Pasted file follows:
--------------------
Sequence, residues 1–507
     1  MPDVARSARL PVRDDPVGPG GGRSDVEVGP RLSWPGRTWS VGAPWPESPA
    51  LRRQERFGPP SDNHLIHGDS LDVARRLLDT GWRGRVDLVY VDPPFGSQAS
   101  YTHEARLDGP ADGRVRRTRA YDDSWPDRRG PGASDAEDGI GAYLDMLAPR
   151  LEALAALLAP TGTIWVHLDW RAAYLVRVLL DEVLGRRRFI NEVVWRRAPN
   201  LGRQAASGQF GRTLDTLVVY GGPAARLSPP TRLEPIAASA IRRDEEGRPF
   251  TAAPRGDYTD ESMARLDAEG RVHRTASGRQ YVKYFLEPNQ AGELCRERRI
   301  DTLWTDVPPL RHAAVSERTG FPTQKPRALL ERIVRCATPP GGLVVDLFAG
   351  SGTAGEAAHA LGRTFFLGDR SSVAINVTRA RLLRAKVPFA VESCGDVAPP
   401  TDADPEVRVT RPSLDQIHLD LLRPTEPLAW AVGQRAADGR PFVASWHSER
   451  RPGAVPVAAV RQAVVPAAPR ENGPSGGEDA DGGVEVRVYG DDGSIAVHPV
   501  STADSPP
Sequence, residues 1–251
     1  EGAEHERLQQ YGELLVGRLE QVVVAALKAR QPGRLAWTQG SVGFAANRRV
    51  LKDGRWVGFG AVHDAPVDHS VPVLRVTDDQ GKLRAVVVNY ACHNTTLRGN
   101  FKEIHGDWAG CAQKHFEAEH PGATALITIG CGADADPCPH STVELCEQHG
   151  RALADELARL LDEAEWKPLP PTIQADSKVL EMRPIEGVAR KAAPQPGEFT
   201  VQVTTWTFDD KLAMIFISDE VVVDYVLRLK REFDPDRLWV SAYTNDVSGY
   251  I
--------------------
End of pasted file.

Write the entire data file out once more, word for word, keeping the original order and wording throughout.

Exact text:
Sequence, residues 1–507
     1  MPDVARSARL PVRDDPVGPG GGRSDVEVGP RLSWPGRTWS VGAPWPESPA
    51  LRRQERFGPP SDNHLIHGDS LDVARRLLDT GWRGRVDLVY VDPPFGSQAS
   101  YTHEARLDGP ADGRVRRTRA YDDSWPDRRG PGASDAEDGI GAYLDMLAPR
   151  LEALAALLAP TGTIWVHLDW RAAYLVRVLL DEVLGRRRFI NEVVWRRAPN
   201  LGRQAASGQF GRTLDTLVVY GGPAARLSPP TRLEPIAASA IRRDEEGRPF
   251  TAAPRGDYTD ESMARLDAEG RVHRTASGRQ YVKYFLEPNQ AGELCRERRI
   301  DTLWTDVPPL RHAAVSERTG FPTQKPRALL ERIVRCATPP GGLVVDLFAG
   351  SGTAGEAAHA LGRTFFLGDR SSVAINVTRA RLLRAKVPFA VESCGDVAPP
   401  TDADPEVRVT RPSLDQIHLD LLRPTEPLAW AVGQRAADGR PFVASWHSER
   451  RPGAVPVAAV RQAVVPAAPR ENGPSGGEDA DGGVEVRVYG DDGSIAVHPV
   501  STADSPP
Sequence, residues 1–251
     1  EGAEHERLQQ YGELLVGRLE QVVVAALKAR QPGRLAWTQG SVGFAANRRV
    51  LKDGRWVGFG AVHDAPVDHS VPVLRVTDDQ GKLRAVVVNY ACHNTTLRGN
   101  FKEIHGDWAG CAQKHFEAEH PGATALITIG CGADADPCPH STVELCEQHG
   151  RALADELARL LDEAEWKPLP PTIQADSKVL EMRPIEGVAR KAAPQPGEFT
   201  VQVTTWTFDD KLAMIFISDE VVVDYVLRLK REFDPDRLWV SAYTNDVSGY
   251  I